|The Braves' grounds crew passes time passing a soccer ball.|
Dan called up to me, “Aren’t you the guy who sang the national anthem? Weren’t you at our place a couple of weeks ago?” Yes. I had sung in Jacksonville for the Suns two weeks earlier, on Easter Sunday.
In the conversation that ensued, he asked where I am a professor. When he learned that I teach at Whittier College, he offered, “That’s where I wanted to attend more than anywhere else.” At first, I thought he was pulling my leg; but then he started recounting bits about his visit to campus: “Purple and Gold. Aren’t those the College’s colors? And isn’t it the place that has the rock that students paint?” Yes, again.
During his sophomore year in high school, Dan had toured several California colleges, thinking that he would pursue a baccalaureate degree rather than sign to play professionally. Although Whittier’s team was out of town on the day that he visited campus, he left Coach Rizzo, who is one of my former students, a video of his pitching and a copy of his resume. While he recalled positive impressions about the campus and the baseball program, what had appealed him the most about Whittier was its academic program, especially the faculty masters program that expanded students’ scholarly and cultural opportunities. I enjoyed sharing with him how Bonnie and I had hosted the former Negro League stars to share their experiences during Black History Month on consecutive years when we had directed the programs in Garrett Faculty Masters House.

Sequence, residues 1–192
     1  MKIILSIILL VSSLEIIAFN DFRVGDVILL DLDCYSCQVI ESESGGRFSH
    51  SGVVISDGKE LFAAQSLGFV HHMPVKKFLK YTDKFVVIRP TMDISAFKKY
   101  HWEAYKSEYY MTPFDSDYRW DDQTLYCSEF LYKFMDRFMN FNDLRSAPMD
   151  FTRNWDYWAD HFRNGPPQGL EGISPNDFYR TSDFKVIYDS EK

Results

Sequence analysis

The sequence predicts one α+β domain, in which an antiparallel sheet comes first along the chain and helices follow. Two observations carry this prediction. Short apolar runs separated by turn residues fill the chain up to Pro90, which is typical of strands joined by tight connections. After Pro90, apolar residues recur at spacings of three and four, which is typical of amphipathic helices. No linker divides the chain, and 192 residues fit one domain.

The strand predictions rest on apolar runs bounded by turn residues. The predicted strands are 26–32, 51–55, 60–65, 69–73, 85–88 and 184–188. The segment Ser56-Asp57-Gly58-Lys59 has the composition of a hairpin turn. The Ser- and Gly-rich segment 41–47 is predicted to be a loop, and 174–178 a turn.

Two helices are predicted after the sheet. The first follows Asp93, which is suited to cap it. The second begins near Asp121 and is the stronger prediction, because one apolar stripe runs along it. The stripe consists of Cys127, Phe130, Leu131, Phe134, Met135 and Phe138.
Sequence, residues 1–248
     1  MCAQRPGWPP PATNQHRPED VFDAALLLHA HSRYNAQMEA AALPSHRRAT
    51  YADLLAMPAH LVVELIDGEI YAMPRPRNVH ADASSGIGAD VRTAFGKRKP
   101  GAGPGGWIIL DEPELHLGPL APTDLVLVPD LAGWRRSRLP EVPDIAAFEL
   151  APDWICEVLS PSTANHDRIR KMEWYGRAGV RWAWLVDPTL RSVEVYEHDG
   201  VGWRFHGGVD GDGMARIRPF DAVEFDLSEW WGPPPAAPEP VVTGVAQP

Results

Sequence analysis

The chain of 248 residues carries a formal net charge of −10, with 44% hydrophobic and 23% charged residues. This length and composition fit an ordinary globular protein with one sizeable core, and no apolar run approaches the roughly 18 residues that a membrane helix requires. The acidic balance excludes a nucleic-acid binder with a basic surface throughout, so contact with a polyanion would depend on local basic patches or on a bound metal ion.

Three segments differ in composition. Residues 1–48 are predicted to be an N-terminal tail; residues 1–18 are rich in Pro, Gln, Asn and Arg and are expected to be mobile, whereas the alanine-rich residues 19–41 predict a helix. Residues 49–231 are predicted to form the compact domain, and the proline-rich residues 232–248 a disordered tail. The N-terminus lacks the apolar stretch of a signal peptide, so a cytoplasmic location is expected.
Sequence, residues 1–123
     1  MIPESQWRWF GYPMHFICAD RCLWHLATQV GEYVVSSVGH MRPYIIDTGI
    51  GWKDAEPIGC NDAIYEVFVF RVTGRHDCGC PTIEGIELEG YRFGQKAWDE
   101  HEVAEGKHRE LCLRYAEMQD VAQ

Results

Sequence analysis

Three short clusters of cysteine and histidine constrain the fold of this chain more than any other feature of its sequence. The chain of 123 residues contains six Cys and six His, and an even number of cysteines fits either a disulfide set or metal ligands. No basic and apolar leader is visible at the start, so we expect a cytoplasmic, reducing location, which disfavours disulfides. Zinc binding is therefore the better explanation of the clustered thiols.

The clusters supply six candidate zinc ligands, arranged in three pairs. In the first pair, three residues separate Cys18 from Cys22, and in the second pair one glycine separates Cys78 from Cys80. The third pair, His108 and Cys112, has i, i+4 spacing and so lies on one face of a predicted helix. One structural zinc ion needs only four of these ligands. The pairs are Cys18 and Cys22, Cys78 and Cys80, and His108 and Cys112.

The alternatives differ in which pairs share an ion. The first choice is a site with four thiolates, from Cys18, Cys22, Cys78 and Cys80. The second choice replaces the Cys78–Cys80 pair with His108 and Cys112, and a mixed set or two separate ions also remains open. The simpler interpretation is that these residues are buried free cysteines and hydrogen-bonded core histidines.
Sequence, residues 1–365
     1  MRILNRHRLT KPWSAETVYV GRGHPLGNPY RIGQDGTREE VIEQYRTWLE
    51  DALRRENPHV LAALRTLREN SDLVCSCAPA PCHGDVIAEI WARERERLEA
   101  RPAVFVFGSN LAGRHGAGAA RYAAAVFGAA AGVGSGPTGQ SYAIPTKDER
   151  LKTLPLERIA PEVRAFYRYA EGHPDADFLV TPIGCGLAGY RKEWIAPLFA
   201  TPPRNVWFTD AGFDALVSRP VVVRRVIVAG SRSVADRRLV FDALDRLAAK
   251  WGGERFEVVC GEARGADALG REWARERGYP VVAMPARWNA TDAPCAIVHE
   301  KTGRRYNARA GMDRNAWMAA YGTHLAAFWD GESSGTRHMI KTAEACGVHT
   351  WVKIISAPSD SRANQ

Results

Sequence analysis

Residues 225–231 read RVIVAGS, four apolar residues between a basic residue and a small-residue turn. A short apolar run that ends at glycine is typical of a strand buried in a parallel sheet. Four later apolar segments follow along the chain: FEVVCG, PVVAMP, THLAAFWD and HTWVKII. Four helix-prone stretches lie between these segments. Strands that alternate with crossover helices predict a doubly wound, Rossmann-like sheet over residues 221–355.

|The face of the promotional card for my book.|
Dan also inquired about the book that I am writing about the national anthem for the national pastime. His interest was piqued, in part, by difficulties his father—also a professor—had encountered in securing a publisher a few years ago. As we talked about Whittier and my course on sports and religion, which he said he would have taken, I tried to toss him one of the promotional, baseball-style cards for my book Rounding the Bases. Winds swirled, helicoptering the card back up to me on several occasions before I could get it to drop to him below the bullpen wall.
Finally, we talked about where I’d been on the trip and whether the Suns would see me again on the tour. When I described making the trip in Arby with my wife, he responded: “That sounds like a dream come true.”